The Corner

The one and only.

Supreme Court Will Hear Very Important Voting Rights Act Case


The Supreme Court today noted probable jurisdiction in a Texas case that challenges the constitutionality of Section 5 of the Voting Rights Act. Noting probable jurisdiction is like granting certiorari; the difference is that, in certain VRA cases, the losing party has the right of filing an appeal rather than a cert petition. Section 5 is the part of the VRA that requires certain jurisdictions (mostly, but not only, in the South) to get permission from the federal government whenever they make any changes in practices or procedures that involve voting — from moving the polling place across the street, to redrawing district lines, to whatever — to make sure that the proposed change has neither the purpose nor the effect of abridging the right to vote on account of race.

This is a big deal.  The media will be all over it, and indeed Linda Greenhouse wrote a column about it in the New York Times today. I think she was trying to scare Chief Justice Roberts away from the case, but apparently it didn’t work.

NRO readers may recall that, when Section 5 was up for reauthorization in 2006, I testified that it was unconstitutional and actually encouraged racially discriminatory practices, especially gerrymandering; astonishingly, Congress ignored me. But, while it is encouraging that the Court has voted to grant full review in the case, it will not be easy to get five justices to vote the right way. Striking down any part of the VRA is obviously serious business, and Section 5 is a prominent provision in it.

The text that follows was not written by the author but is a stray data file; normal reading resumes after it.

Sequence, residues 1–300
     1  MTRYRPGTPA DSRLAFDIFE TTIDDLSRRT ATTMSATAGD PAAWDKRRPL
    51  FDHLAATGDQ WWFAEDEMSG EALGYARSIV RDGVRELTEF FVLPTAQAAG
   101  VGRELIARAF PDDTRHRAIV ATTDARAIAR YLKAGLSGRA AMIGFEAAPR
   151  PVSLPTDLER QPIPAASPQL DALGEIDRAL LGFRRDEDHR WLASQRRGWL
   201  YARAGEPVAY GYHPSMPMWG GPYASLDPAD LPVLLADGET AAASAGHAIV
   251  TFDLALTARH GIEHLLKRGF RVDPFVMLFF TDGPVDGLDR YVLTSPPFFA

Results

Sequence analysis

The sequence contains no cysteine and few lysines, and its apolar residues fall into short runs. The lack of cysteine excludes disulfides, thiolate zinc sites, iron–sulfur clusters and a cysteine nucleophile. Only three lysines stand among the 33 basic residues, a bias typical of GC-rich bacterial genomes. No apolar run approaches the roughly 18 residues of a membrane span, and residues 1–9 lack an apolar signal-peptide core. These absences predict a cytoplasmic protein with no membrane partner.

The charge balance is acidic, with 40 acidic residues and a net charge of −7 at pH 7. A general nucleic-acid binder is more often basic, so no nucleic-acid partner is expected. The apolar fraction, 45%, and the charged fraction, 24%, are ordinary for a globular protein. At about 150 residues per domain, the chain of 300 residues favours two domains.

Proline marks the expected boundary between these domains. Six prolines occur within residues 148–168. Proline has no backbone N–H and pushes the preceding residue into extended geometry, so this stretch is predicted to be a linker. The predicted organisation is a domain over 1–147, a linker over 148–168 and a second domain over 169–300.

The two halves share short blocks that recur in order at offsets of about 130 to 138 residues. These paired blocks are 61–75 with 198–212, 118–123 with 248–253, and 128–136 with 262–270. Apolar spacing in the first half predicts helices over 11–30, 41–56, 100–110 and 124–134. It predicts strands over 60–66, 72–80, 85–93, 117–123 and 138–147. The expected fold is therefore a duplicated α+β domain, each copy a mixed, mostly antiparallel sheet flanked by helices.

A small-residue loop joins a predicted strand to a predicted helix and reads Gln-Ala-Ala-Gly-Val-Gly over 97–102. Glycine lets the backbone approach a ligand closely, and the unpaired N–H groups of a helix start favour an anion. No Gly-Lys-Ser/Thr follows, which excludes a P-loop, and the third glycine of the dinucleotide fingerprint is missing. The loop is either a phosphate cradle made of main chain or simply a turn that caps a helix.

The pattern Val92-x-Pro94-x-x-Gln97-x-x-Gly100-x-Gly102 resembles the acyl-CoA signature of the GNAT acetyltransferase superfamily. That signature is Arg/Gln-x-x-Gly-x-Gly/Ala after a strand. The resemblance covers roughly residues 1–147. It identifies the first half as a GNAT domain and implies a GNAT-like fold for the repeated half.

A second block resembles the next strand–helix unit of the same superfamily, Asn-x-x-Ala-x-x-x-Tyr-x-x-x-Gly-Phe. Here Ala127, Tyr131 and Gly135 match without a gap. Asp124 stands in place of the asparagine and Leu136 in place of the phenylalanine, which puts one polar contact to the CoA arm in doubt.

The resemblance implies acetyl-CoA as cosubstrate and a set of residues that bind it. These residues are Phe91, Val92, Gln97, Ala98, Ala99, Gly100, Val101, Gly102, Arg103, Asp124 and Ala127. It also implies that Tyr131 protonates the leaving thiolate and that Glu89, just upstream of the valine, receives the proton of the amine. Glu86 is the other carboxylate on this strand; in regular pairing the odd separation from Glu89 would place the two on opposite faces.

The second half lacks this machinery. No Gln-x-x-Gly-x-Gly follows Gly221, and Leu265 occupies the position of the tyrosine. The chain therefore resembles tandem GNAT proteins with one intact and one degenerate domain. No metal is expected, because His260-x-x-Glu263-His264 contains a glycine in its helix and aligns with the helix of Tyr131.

Legally, the key is to persuade five justices that there is no longer any empirical basis for singling out certain jurisdictions for the VRA’s extraordinarily intrusive review, and for using the VRA’s purpose or effect standard, which goes beyond what the 15th Amendment prohibits.  But equally important, and probably more difficult, is reassuring justices like Anthony Kennedy that the Court will not suffer institutionally if it does the right thing.

The Obama administration will of course defend Section 5’s constitutionality, as did the Bush administration in the lower court.  But the fact that we have an Obama administration — that is, an administration headed by an African American — actually is a good thing: it helps make the case that the extraconstitutional Section 5 mechanism is no longer “congruent and proportional” (the Court’s standard here) for ensuring compliance with the 15th Amendment and its ban on racial discrimination in voting.